In 2002, just a year after 9/11, Shirin is a 16-year-old Muslim girl who wears the hijab. She’s almost used to the Islamophobia – to being stereotyped and insulted, and even being attacked. So she’s built up walls around herself and is just counting down the days until high school is over. Then, she meets Ocean, who seems different from everyone else. He seems to actually want to know Shirin, not make judgements based on her appearance and religion. But Shirin and Ocean come from two completely different worlds, and she doesn’t know if she’s ready to let her walls down.
Tahereh Mafi has said that this is the most autobiographical novel she has written and this shows in the best way possible. Everything about A Very Large Expanse of Sea is palpable and realistic. From the plot to the characters and the voice and the setting. If someone told me that all of this had transpired in real life, that Mafi had plucked the entire thing completely out of reality, that would not surprise me in the slightest.
This novel is, at its core, about Islamophobia and what it’s like to live in America post 9/11. But at the same time, it doesn’t quite dwell on the things that Shirin faces. She details, for example, being attacked soon after 9/11 happened, and much of the ignorance and hate Shirin faces in her everyday life. But the focus of the story is about how Shirin chooses to deal with it, and how she has to use all of this navigate her daily life, and even the life of those around her. All of this really resonated with me.
Shirin is honestly what makes this novel for me. She was such a brilliant and complex character, and her development throughout the novel is extraordinary. She is first presented to us as someone who is aloof, uncaring, and doesn’t care about telling teachers and peers alike to fuck off if they act racistly towards her (which they do. Often). But then slowly, we see that Shirin is also an incredibly caring and vulnerable person, who has had to tough it out in order to survive in a world where being vulnerable is simply not an option for her anymore. She has a wide range of interests, which includes listening to music, fashion, and breakdancing.
When she begins her tentative relationship with Ocean, it grows very naturally and easily. Shirin and Ocean seem like almost polar opposites – Shirin is brash and unapologetic, Ocean is quiet and very apologetic. But both their characters have such depth and their relationship develops slowly and carefully, it’s hard to not fall in love with both of them. Though their relationship might sometimes seem a little over the top, it also perfectly captures that head-rush of first, and young, love – especially when the entire world seems to be against you.
One of my absolute favourite things in A Very Large Expanse of Sea is how it deals with being hijabi and being a Muslim. Shirin is far from a “stereotypical” Muslim girl and breaks expectations in many ways. She wears form-fitting clothes and curses a lot. She breakdances and ditches school. Her reasons for wearing the hijab are also very real and personal. And while the novel delves into those reasons, it also deals with how Muslim hijabi women are often treated with absolute carelessness when it comes to our decisions on how to dress and present ourselves.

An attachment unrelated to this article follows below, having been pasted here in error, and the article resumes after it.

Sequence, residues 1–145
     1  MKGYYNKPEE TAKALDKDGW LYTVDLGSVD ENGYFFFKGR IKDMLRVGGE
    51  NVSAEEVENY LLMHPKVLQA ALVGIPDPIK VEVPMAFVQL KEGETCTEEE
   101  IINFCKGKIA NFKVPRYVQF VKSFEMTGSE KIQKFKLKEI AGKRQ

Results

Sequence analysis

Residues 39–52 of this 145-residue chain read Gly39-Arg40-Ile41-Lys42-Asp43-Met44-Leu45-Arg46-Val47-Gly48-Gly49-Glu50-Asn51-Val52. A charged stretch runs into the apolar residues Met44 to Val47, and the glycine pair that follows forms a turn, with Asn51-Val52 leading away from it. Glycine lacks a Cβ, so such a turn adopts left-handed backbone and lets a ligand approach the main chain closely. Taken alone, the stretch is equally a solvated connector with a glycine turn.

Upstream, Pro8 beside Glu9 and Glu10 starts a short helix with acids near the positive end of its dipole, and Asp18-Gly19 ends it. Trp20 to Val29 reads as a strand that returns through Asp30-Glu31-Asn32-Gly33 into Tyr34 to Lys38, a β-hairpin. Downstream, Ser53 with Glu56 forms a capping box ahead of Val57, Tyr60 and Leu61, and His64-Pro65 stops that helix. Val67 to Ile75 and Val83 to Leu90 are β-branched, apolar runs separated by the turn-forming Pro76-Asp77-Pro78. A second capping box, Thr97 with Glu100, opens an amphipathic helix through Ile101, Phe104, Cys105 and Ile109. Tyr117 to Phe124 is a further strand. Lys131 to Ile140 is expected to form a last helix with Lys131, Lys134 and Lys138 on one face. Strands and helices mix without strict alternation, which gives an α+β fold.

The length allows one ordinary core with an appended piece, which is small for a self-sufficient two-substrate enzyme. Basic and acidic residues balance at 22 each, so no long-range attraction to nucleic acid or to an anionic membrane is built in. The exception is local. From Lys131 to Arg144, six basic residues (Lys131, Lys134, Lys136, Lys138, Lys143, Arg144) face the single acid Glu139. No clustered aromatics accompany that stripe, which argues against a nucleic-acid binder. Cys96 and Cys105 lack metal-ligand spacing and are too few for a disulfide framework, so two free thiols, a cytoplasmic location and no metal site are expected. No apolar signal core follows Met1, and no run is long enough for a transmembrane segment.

In a scene where a girl takes a picture of Shirin without her hijab, she says: “Whoever did this had wanted to unmask me without my permission, to humiliate me by intentionally undermining a decision I’d made to keep parts of me for just myself. They’d wanted to take away the power I thought I had over my own body.”
Unfortunately, this is something that many Muslim women have to face, especially in recent times, where there are attacks to remove their hijabs, niqabs, and other items of clothing without their permission. A particularly traumatising assault that is specially reserved for Muslim women, it seems. Mafi, through Shirin, did a fantastic job of capturing both Shirin’s horror at this occasion, but also how and why this can be such a traumatising thing to go through.
A Very Large Expanse of Sea is undoubtedly an important novel of our times. It’s also an incredible novel in more ways than one. Not only does it brilliantly delve into Islamophobia and being Muslim in a tense political climate, but it does so through a complex protagonist who jumps off the page. I am certain that many readers will be able to see themselves on these pages, and to relate with Shirin and her struggles.
Review copy provided
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